I suppose when asked if I have a nickname, I could lugubriously point out that “I lack a sobriquet,” but I would feel like an idiot.
Sobriquet can also be occasionally used to mean a place, like “The Met” rather than The Metropolitan Opera or the Metropolitan Museum of Art. The problem becomes then which of these two items — both commonly called “the Met” do you mean?
Mostly, it means “nick-name.” Generally, for a person, not a place. I think airports may be the only things that get nicknames that stick. Logan is always Boston as LAX is Los Angeles.
After more than 30 years as a tech writer, I find fancy versions of simple words weirdly off-putting. I also taught technical writer for a few years and if there is one thing we carefully beat into our young writer’s heads was that using a complicated “look it up” word when a simple, easy-to-understand one is available will pretty much always annoy and confuse readers.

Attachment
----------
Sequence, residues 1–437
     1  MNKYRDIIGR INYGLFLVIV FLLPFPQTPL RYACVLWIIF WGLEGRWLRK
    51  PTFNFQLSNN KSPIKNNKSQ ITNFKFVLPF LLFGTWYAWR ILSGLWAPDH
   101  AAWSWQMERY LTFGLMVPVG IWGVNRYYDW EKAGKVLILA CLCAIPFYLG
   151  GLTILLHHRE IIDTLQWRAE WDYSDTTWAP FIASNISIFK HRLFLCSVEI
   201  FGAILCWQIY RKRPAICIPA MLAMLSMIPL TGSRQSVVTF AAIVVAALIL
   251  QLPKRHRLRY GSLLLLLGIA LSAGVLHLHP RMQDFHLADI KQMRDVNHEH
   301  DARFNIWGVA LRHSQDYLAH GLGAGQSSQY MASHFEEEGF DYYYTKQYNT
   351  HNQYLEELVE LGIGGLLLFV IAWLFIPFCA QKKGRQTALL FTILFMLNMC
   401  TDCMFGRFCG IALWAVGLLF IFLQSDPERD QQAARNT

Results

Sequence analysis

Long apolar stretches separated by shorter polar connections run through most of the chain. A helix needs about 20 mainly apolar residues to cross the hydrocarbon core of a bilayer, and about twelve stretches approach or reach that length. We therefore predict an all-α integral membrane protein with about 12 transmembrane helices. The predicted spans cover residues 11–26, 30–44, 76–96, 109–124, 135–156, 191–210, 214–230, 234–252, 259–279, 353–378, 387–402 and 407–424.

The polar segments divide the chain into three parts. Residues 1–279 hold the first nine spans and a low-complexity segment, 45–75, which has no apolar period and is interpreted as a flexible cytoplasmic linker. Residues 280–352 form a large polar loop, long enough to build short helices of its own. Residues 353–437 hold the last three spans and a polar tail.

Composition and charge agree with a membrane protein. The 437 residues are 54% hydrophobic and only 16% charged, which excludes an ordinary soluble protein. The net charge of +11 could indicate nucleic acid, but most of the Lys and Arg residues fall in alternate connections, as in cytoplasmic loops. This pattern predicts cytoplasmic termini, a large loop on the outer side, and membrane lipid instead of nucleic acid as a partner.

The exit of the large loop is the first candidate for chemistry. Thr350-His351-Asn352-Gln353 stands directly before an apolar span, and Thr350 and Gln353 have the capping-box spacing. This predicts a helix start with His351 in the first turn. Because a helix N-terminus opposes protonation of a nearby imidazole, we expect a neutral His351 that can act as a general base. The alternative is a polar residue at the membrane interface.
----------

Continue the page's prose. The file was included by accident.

The more flowery and “complicated” the text, the worse the writing is. A lot of people use twenty-dollar words because they think it makes them sound smarter.
It really doesn’t work.
Use the five dollar word. Reading is not supposed to be a vocabulary test unless you are in fifth grade and it’s a reader and they are making you do it. That’s what makes “readers” so very popular and why kids are so eager to engage with them.
I don’t have a sobriquet. I also don’t have a nick-name.